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  • In a male who is not circumcised, the foreskin may be so tight that it can't be easily pulled back over the head of the penis. This is called phimosis (fim-o-sis). The foreskin is the fold of skin that covers the end of the penis. Phimosis is common in young boys (up to 4 years old). As long as the child can pass urine, no treatment is needed right away. This condition should improve by itself, as he gets older.
  • Phimosis also may occur in older boys and in men by not washing well under the foreskin. Scar tissue from injury may also cause phimosis. The foreskin may look swollen, red, and feel tender. You may also see pus in the area. This may mean there is an infection (in-fek-shun) and your child may need antibiotic (an-ti-bi-ah-tik) medicine. Your caregiver may also recommend circumcision (removal of part of the foreskin).


  • Medicines:
    • Always give your child's medicine as directed by the caregiver. If you feel it is not helping, call your caregiver. Do not quit giving it unless your caregiver tells you to.
    • Keep track of what medicines your child is taking and when he takes them. Bring a list of your child's medicines or the pill bottles when you see the caregiver(s). Learn why your child takes each medicine. Ask your caregiver for information about the medicines.
    • If your child is taking antibiotics (an-ti-bi-ah-tiks), give them until they are all gone even if he feels better.
    • You may need to put a steroid cream to help lessen redness, pain and swelling. Follow your caregiver's instructions closely. Do not use this medicine for any other reason. Ask your caregiver for the DrugNote on this medicine.
      • Before putting on cream, gently wash and dry the penis.
      • Put a thin layer on the penis. Rub it in gently. Wash your hands right after putting the medicine on the penis.
      • Do not put a bandage on unless your caregiver tells you to.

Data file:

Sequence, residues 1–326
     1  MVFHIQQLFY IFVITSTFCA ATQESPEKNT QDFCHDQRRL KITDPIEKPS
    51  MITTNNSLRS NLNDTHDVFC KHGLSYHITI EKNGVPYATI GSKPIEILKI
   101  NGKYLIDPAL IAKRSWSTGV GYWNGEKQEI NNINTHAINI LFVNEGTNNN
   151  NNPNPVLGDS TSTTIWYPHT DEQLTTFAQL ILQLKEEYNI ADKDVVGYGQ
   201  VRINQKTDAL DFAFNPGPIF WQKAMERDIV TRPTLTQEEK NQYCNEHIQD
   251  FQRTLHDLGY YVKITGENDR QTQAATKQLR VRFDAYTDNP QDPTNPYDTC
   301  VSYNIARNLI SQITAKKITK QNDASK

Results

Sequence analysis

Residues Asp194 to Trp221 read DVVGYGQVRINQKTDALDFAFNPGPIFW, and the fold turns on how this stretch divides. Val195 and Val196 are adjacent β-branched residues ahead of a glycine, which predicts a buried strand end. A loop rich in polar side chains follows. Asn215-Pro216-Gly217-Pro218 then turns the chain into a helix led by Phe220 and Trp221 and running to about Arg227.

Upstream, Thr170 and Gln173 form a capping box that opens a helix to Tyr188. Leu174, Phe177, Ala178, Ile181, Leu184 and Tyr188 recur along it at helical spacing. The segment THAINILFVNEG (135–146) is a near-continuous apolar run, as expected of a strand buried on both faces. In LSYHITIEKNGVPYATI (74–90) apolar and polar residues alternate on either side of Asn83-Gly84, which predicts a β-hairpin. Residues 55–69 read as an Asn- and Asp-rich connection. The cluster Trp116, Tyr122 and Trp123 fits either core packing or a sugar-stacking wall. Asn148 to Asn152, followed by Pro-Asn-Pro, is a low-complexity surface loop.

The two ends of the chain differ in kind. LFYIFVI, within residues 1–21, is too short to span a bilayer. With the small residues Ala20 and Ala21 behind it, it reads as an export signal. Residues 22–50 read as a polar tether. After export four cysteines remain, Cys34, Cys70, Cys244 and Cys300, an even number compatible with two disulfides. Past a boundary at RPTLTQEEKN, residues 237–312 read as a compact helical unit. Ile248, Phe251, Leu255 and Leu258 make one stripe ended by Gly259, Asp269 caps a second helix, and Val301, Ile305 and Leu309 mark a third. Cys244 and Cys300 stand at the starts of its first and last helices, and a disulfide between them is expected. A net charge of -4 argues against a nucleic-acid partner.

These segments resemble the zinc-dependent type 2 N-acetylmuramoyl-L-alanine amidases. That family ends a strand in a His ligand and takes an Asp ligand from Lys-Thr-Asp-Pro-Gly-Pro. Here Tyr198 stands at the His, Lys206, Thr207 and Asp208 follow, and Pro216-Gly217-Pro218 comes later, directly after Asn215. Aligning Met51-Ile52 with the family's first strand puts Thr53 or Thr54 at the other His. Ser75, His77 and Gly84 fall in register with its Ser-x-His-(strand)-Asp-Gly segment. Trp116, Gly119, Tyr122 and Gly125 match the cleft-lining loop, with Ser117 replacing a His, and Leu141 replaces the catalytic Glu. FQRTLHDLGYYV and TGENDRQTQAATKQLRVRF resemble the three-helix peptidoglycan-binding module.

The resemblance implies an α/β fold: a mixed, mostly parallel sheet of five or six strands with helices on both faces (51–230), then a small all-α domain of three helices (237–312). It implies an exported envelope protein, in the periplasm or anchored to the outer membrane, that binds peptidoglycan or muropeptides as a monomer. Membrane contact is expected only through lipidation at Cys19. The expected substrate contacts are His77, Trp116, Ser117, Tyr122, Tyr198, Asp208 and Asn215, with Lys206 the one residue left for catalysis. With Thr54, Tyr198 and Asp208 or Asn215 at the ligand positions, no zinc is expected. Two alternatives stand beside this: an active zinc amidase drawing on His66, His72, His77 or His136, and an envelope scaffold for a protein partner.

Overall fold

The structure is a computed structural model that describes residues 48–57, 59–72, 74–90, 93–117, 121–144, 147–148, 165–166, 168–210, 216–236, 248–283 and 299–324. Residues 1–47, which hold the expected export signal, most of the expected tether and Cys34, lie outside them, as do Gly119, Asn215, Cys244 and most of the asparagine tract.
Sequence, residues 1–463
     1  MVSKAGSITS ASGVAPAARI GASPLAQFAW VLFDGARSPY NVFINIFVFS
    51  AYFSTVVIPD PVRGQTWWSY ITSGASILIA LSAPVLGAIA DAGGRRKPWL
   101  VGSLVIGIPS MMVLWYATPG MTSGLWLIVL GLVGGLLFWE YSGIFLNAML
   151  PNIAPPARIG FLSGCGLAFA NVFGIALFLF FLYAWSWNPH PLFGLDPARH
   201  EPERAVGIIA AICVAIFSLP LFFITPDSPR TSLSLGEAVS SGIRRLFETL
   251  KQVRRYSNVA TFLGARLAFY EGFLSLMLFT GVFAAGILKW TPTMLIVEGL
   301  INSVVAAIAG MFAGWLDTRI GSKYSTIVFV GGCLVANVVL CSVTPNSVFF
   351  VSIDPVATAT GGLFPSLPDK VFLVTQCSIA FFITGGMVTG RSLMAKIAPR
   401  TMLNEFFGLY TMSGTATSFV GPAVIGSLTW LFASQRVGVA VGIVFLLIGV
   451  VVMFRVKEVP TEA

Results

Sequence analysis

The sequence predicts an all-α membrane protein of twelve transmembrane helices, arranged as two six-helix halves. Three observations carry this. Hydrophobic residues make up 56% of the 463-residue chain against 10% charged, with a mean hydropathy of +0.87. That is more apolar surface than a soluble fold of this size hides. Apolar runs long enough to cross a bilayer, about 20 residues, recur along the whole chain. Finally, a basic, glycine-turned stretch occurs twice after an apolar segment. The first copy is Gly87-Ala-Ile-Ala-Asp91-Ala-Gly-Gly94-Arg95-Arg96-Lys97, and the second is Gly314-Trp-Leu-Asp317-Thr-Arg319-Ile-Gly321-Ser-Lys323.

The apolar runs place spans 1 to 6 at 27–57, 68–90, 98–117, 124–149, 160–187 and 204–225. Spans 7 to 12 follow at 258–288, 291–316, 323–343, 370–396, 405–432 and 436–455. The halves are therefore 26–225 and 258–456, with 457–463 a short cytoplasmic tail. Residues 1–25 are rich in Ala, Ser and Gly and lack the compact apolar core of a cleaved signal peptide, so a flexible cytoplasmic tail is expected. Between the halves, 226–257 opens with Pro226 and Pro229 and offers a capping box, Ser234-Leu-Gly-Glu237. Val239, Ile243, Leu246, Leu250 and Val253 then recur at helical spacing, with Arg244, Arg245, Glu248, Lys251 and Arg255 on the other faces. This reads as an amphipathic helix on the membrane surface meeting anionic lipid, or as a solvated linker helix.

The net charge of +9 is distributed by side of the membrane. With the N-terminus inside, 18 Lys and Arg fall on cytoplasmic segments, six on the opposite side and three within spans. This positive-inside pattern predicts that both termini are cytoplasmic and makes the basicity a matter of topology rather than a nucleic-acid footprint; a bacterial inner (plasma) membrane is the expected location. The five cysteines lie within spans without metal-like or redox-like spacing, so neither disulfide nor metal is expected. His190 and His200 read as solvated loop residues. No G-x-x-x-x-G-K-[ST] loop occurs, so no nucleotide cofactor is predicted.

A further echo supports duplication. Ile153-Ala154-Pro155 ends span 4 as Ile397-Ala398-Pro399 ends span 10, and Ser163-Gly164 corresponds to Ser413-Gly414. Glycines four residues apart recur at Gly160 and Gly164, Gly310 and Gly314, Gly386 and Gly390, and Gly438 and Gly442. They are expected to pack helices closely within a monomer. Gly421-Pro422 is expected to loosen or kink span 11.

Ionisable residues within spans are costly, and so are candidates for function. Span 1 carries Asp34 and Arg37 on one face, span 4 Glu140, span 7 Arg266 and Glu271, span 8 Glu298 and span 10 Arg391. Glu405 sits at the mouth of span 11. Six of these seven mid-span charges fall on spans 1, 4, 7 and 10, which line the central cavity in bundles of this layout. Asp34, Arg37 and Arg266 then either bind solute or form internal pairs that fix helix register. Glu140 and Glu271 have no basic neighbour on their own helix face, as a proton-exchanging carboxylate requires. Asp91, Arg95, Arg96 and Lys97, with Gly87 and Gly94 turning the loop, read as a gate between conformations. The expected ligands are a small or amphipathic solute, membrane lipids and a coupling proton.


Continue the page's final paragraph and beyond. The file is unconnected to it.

• Do not put tight diapers or plastic pants on your child.
      • Keep sunlight away from this area until your child's caregiver says it is OK to be in sunlight.
  • Do not use force to try to push back the foreskin. This may cause scarring and make the condition worse.
  • Clean under the foreskin regularly if possible to keep this from happening again.
  • In uncircumcised babies, the foreskin is normally tight. It usually doesn't start to loosen enough to pull back until the baby is at least 18 months old. Until then, leave the foreskin alone. Later, you may gently pull back the foreskin during bathing to wash the penis.
  • A catheter (tube) may need to be put into the tip of the penis (urethra) and into the bladder. This will allow urine to be emptied from the body.
  • Circumcision (sir-cum-sih-shun) may need to be done. This removes part of the foreskin.


  • There is redness, swelling, blisters or drainage from the foreskin. These could be signs of infection or reactions to medicine.
  • Your child has pain when passing urine.


  • Your child has passed no urine in 24 hours.
  • Your child has a fever.

Learn more about Phimosis (Discharge Care)

Associated drugs

IBM Watson Micromedex

Further information

Always consult your healthcare provider to ensure the information displayed on this page applies to your personal circumstances.